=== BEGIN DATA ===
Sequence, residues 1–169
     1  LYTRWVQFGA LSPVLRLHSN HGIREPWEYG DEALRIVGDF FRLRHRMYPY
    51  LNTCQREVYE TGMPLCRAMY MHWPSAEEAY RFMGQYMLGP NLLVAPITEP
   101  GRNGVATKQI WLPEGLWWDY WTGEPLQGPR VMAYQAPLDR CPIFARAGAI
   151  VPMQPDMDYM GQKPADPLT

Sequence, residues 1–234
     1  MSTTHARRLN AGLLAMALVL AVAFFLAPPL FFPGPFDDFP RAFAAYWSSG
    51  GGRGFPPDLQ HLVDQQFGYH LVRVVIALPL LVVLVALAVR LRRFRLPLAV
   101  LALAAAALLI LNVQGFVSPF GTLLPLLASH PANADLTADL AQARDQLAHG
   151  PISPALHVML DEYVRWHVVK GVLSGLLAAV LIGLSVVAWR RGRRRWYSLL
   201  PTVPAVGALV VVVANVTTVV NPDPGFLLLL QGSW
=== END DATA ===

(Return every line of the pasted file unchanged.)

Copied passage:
Sequence, residues 1–169
     1  LYTRWVQFGA LSPVLRLHSN HGIREPWEYG DEALRIVGDF FRLRHRMYPY
    51  LNTCQREVYE TGMPLCRAMY MHWPSAEEAY RFMGQYMLGP NLLVAPITEP
   101  GRNGVATKQI WLPEGLWWDY WTGEPLQGPR VMAYQAPLDR CPIFARAGAI
   151  VPMQPDMDYM GQKPADPLT

Sequence, residues 1–234
     1  MSTTHARRLN AGLLAMALVL AVAFFLAPPL FFPGPFDDFP RAFAAYWSSG
    51  GGRGFPPDLQ HLVDQQFGYH LVRVVIALPL LVVLVALAVR LRRFRLPLAV
   101  LALAAAALLI LNVQGFVSPF GTLLPLLASH PANADLTADL AQARDQLAHG
   151  PISPALHVML DEYVRWHVVK GVLSGLLAAV LIGLSVVAWR RGRRRWYSLL
   201  PTVPAVGALV VVVANVTTVV NPDPGFLLLL QGSW